The Random Text Says: ""
July 24th, 2001 - 11:16 a.m.I'm Currently Avoiding:
Yeah, do I have anything to say? Nope. But it's been two days since I did my last one, so I feel rather obligated. That and to inform you that I've had this 2-line snippet of song stuck in my head due to some commerical thing for some series that's coming on in the fall or something. Jordan's Crossing maybe? I don't know, something with Jordan and it's on NBC. You figure it out for yourself, I don't want to. So anyway, maybe this song is good, I haven't the slightest idea what it is. But the snippet is good enough to make it song snippet of the day. I only wish I knew more lines of it so that there could be more of it playing over and over in my head.
Song Snippet of the Day: "I'm only happy when it's raining...I'm only happy if it's, complicated."
Speaking of the day, today,
July 24 is ........ Amelia Earhart Day (Yay? Why does she deserve a day? What'd she do that was so special, besides get lost irretreivably?)
etiolate EE-tee-uh-layt (verb)
1 : to bleach and alter the natural development of (a green plant) by excluding sunlight
2 a : to make pale b : to deprive of natural vigor : make feeble
When we first started using etiolate in the late 1700s (borrowed from the French verb etioler), it was in reference to purposely depriving growing celery of light. (The resulting white vegetable was, and still is, considered a delicacy.) The word traces back to the Old French word for straw -- esteule -- and is related to the Latin word for straw or stalk, which is stipula. But the term for growing veggies as pale as straw is now more likely to be blanch, while etiolate is more apt to refer to depriving plants in general of light; when etiolated, they are sickly, pale, and spindly. The figurative sense of etiolate ("to make pallid or feeble") first appeared in the 1800s as a natural outgrowth of the original sense.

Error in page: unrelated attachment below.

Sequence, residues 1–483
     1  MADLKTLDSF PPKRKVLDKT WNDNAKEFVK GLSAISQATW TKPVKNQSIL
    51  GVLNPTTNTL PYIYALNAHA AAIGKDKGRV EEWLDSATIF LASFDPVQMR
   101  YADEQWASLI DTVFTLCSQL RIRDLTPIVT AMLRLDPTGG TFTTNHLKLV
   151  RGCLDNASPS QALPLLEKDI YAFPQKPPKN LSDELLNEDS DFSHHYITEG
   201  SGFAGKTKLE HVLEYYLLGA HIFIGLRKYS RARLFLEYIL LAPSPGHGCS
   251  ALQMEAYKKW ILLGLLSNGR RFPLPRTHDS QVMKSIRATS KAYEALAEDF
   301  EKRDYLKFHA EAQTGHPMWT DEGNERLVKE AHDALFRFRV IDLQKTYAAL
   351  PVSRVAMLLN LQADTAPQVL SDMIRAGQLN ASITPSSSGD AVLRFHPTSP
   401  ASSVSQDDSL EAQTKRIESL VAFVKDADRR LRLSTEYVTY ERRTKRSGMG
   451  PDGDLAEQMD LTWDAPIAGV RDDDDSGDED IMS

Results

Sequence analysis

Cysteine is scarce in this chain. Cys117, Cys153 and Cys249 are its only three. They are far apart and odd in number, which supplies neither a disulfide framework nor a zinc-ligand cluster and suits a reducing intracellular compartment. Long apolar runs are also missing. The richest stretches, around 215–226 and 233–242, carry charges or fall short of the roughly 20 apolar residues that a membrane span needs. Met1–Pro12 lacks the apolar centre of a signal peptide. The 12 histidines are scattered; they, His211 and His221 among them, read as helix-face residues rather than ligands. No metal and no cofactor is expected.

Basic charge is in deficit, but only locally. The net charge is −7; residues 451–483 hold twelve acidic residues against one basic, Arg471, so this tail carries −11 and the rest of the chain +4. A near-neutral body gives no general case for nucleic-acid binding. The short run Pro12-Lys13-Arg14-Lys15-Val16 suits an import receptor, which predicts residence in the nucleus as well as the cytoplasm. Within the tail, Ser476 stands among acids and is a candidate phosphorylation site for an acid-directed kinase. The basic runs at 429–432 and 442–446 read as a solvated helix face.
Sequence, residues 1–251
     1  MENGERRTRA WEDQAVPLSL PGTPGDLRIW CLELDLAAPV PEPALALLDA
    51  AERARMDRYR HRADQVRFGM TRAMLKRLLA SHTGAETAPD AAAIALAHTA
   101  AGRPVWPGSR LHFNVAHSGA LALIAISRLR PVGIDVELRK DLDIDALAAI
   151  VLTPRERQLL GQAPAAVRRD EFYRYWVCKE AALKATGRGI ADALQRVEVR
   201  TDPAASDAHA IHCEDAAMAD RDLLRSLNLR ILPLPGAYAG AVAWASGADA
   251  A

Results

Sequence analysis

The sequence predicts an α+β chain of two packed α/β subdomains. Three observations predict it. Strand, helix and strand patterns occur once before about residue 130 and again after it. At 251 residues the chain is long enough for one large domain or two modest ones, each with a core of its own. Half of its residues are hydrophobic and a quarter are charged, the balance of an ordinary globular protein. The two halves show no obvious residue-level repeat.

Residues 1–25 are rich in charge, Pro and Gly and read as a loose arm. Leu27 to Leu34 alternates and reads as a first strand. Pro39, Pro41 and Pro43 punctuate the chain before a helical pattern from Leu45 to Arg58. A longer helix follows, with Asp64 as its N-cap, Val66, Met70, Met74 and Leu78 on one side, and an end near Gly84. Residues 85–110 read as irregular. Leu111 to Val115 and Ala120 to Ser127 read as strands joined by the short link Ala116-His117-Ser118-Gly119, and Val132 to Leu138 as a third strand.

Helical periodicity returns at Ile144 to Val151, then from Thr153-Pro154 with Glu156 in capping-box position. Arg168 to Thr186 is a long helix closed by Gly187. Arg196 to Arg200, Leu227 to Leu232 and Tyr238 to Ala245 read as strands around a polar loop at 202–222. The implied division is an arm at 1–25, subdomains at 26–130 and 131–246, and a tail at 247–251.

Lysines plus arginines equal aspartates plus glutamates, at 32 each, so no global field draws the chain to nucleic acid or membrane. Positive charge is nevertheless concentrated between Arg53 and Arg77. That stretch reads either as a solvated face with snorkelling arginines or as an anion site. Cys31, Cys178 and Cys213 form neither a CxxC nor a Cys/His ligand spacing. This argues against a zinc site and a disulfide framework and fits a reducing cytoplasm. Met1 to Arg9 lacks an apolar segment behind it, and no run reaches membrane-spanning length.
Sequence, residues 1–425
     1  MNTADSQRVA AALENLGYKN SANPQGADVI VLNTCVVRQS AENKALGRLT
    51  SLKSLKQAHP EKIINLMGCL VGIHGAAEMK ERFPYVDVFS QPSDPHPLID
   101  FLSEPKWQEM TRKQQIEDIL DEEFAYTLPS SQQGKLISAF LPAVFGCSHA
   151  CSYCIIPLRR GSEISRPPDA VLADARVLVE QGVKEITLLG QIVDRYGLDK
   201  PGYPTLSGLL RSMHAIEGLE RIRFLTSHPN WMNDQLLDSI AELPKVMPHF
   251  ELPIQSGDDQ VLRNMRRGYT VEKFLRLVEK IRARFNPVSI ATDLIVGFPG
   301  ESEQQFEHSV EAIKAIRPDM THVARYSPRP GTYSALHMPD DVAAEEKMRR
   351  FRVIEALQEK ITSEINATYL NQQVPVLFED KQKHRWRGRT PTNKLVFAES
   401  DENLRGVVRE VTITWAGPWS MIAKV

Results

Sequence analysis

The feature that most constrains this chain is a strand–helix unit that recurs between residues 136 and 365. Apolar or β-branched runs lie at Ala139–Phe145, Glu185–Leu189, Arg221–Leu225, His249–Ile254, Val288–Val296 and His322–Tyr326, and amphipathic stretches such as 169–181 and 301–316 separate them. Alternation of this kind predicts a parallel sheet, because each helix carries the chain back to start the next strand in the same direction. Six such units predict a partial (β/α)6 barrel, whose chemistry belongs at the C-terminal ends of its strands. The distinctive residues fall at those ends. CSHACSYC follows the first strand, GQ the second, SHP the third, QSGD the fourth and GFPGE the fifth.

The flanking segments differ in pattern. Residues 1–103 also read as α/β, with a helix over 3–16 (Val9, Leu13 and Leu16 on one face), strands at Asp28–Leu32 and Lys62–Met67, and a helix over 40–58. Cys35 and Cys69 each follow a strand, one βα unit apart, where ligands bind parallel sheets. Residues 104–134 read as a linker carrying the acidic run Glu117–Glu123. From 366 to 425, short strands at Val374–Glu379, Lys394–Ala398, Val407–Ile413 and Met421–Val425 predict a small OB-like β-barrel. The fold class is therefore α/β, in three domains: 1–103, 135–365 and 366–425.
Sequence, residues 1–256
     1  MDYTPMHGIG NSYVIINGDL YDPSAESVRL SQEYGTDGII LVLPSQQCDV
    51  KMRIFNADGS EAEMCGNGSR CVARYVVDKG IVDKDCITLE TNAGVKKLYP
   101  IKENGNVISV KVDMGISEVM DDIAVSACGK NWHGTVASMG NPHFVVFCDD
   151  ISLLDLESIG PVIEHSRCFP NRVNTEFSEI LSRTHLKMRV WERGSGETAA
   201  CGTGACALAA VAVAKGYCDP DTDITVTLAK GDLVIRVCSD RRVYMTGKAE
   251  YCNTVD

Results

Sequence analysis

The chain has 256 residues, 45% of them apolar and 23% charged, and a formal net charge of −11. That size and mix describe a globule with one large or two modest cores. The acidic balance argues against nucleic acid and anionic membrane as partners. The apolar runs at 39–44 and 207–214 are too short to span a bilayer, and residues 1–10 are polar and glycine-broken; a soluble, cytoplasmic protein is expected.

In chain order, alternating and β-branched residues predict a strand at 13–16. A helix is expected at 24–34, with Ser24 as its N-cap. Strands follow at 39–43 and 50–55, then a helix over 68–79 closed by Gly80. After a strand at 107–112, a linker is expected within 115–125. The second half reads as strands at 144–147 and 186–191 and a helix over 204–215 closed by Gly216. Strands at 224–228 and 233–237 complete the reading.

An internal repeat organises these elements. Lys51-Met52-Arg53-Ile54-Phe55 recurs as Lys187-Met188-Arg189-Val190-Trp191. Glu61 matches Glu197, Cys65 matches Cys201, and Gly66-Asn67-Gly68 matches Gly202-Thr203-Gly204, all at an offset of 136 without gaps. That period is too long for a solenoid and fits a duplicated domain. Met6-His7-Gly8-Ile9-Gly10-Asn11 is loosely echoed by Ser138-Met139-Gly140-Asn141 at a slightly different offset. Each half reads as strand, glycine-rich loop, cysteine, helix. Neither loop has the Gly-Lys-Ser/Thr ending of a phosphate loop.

implacable im-PLAK-uh-bul or im-PLAY-kuh-bul (adjective)
: not placable : not capable of being appeased,
significantly changed, or mitigated
Implacable comes from the Latin word implacabilis, with which it shares the meaning not easily placated. Ultimately, it comes from the verb placare (meaning to calm or to soothe). Implacable adds the negative im- to the root to describe something that cannot be calmed or soothed or altered. The root placare also gave us placate. You may ask, what about similar-looking words placid and placebo? These words are related to implacable and placate, but not as closely as you might suspect. They come from the Latin verb placere, a relative of placare that means to please.
burgle BUR-gul (verb)
1 : to break into and steal from
2 : to commit burglary against
intransitive sense : to commit burglary
Burglary, which means forcible entry into a building especially at night with the intent to commit a crime (as theft), and burglar (one who commits burglary) have been with us since the 16th century. Burgle and its synonym burglarize didn't break into the language until the 19th century, however, arriving almost simultaneously around 1870. Burgle is a back-formation (that is, a word formed by removing a suffix or prefix) from burglar. Burglarize comes from burglar as well, with addition of the familiar -ize ending. Both verbs were once disparaged by grammarians (burgle was considered to be facetious and burglarize was labeled colloquial), but they are now generally accepted. Burglarize is slightly more common in American English, whereas burgle seems to be preferred in British English.
Oh, and since we were speaking of commercial-type things...that Taco Bell commercial with the Bonanza theme and that guy talking really fast just needs to go away as soon as possible.
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And I like it that way.